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Lancet. 2000 Nov 25;356(9244):1789-94.

Rhythm or rate control in atrial fibrillation--Pharmacological Intervention in Atrial Fibrillation (PIAF): a randomised trial.

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  • 1JW Goethe University, Frankfurt, Germany. Hohnloser@em.uni-frankfurt.de

Abstract

BACKGROUND:

Atrial fibrillation is the most commonly encountered sustained cardiac arrhythmia. Restoration and maintenance of sinus rhythm is believed by many physicians to be superior to rate control only. However, there are no prospective data that compare both therapeutic strategies.

METHODS:

The Pharmacological Intervention in Atrial Fibrillation (PIAF) trial was a randomised trial in 252 patients with atrial fibrillation of between 7 days and 360 days duration, which compared rate (group A, 125 patients) with rhythm control (group B, 127 patients). In group A, diltiazem was used as first-line therapy and amiodarone was used in group B. The primary study endpoint was improvement in symptoms related to atrial fibrillation.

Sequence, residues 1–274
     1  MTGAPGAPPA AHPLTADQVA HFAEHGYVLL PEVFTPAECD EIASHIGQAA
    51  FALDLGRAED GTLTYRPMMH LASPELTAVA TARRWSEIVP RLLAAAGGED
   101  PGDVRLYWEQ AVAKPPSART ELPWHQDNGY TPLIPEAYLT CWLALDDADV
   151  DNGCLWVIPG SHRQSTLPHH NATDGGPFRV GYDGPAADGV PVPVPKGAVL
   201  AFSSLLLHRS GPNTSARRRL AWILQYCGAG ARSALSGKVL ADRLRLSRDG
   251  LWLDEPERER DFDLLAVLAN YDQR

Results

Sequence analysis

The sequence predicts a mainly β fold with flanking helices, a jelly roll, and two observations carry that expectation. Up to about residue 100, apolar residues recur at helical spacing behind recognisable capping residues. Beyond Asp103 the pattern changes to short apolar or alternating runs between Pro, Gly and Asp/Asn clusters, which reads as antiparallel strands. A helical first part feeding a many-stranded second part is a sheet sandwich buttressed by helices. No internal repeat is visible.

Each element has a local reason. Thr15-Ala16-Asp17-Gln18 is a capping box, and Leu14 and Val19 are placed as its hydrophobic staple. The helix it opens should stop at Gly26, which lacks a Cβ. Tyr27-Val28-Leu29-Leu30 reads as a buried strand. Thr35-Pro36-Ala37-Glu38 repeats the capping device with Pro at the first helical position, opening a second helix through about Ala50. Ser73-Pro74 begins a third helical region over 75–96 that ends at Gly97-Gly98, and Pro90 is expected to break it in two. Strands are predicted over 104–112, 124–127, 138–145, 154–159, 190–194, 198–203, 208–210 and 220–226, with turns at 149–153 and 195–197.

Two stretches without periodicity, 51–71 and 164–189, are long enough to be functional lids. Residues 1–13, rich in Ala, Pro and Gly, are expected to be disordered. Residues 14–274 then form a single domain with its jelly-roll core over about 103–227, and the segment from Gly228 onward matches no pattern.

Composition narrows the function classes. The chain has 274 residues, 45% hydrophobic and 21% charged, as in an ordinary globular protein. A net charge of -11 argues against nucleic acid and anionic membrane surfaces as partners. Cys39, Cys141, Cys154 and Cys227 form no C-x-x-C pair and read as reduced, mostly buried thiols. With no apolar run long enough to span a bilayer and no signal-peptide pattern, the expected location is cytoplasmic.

FINDINGS:

Over the entire observation period of 1 year, a similar proportion of patients reported improvement in symptoms in both groups (76 responders at 12 months in group A vs 70 responders in group B, p=0.317). Amiodarone administration resulted in pharmacological restoration of sinus rhythm in 23% of patients. Walking distance in a 6 min walk test was better in group B compared with group A, but assessment of quality of life showed no differences between groups. The incidence of hospital admission was higher in group B (87 [69%] out of 127 vs 30 [24%] out of 125 in group A, p=0.001). Adverse drug effects more frequently led to a change in therapy in group B (31 [25%] patients compared with 17 [14%] in group A, p=0.036).

INTERPRETATION:

With respect to symptomatic improvement in patients with atrial fibrillation, the therapeutic strategies of rate versus rhythm control yielded similar clinical results overall. However, exercise tolerance is better with rhythm control, although hospital admission is more frequent. These data may serve as a basis to select therapy in individual patients.

Comment in

PMID:
11117910
[PubMed - indexed for MEDLINE]
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